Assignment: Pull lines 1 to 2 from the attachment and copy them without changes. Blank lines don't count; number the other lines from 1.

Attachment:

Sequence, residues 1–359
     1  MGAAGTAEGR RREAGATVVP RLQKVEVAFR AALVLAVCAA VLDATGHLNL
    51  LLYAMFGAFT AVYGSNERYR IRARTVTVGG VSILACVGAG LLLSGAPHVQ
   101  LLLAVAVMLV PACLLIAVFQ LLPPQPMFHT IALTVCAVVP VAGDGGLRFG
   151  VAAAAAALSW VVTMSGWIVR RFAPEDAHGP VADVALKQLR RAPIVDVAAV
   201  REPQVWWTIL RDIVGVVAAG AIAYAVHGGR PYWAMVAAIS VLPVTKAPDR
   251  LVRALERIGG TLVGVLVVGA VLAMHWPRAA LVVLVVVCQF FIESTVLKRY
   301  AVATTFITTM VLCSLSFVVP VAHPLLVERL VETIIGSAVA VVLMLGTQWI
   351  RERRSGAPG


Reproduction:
Sequence, residues 1–359
     1  MGAAGTAEGR RREAGATVVP RLQKVEVAFR AALVLAVCAA VLDATGHLNL